5. Go stay in a shnazzy hotel in a big city that’s all decorated and bustling for the holidays, with window displays and people running around and lights hanging from everything. Like Paris. Or New York.
Despite not yet having a tree or even knowing if I’ll be able to get one, I know I have a few things to look forward to this year either way. Hanukkah party at our friend’s house. Sushi on Christmas Eve. Driving around looking at lights with my husband. Mulled wine and watching Downton Abbey with my mom.
But in the meantime, I’m gonna keep dreaming of a healthy weekend.
—Written by Shayla Maddox for Art & Musings
So I’ve learned something.
I went to Kauai to find answers, not really even knowing what my questions were, but feeling like there was something I was missing that I needed to find. Or maybe I needed to be found. One of those. I don’t know.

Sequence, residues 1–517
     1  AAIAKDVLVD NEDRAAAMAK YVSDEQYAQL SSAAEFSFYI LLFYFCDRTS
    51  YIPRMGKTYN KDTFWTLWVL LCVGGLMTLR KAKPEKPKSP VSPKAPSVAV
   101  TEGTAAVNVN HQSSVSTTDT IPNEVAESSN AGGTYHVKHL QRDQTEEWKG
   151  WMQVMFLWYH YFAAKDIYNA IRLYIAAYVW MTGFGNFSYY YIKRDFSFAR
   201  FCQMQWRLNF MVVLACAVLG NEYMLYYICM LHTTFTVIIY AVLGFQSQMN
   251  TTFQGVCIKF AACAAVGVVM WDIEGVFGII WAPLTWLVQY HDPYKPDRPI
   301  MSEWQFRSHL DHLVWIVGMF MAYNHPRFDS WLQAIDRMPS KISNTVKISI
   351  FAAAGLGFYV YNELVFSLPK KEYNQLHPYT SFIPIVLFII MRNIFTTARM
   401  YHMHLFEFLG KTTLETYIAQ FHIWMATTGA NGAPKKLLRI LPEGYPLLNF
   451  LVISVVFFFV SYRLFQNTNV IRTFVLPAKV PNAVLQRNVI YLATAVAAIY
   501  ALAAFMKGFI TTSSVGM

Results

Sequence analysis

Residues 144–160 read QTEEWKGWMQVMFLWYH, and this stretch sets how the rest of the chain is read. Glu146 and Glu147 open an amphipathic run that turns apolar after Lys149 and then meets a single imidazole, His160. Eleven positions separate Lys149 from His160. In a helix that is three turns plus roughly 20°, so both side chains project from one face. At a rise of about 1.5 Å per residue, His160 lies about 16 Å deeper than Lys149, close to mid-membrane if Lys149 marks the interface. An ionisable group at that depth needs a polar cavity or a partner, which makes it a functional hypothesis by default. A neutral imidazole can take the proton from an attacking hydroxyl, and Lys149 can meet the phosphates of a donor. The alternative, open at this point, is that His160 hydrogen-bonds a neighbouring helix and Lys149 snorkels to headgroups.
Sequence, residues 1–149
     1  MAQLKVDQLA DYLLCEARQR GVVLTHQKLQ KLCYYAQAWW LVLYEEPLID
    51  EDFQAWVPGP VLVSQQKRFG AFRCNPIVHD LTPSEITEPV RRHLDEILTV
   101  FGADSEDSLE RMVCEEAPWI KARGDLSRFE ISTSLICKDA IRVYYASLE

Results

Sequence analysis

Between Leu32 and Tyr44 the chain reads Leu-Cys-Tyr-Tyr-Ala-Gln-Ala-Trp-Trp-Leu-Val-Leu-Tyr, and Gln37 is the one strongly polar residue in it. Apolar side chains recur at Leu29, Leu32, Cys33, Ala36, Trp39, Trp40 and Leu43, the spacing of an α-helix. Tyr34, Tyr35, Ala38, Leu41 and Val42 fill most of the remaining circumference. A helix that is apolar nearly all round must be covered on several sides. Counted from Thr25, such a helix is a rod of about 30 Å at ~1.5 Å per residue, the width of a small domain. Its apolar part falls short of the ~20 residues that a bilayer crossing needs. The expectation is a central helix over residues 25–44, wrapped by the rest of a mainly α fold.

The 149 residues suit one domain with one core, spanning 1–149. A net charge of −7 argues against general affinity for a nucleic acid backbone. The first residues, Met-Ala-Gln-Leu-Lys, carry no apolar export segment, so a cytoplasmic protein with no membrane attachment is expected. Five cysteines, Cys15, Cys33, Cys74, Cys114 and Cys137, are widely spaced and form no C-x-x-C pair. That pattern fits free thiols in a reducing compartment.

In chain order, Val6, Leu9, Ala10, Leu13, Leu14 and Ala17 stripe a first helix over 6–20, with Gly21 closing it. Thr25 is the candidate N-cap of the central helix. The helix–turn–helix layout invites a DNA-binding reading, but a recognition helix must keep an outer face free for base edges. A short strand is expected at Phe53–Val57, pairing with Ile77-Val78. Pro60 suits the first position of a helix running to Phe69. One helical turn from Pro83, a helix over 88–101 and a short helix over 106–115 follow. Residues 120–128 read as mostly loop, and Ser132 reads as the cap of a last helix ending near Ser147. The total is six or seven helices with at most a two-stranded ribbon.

I wait for answers too often. If I want something to happen, I assume things are simply going to work out, eventually. Someone or something will swoop in with neon signs and arrows showing me every step of the way.
But clearly, for awhile now, I’ve been unhappy. I’ve felt unsettled and awkward, almost like I was intentionally avoiding something. And for the first few days in Kauai, I wasn’t settled either. I was thrilled to be there, of course, but I felt a little like I was phoning it in. The truth was, I was starting to panic. What if I didn’t find answers here? WHAT IF THERE WERE NO ANSWERS?! Gack. Continue reading
Relaxation doesn’t come easy for me, if at all. I’ve battled severe insomnia since I was a child. I’ve always had difficulty shutting off my brain. Over the years, I’ve developed pretty good skills at hiding it from the outside world, but internally I’m usually worrying over something. I like to drum up things to fret about if otherwise there’s nothing.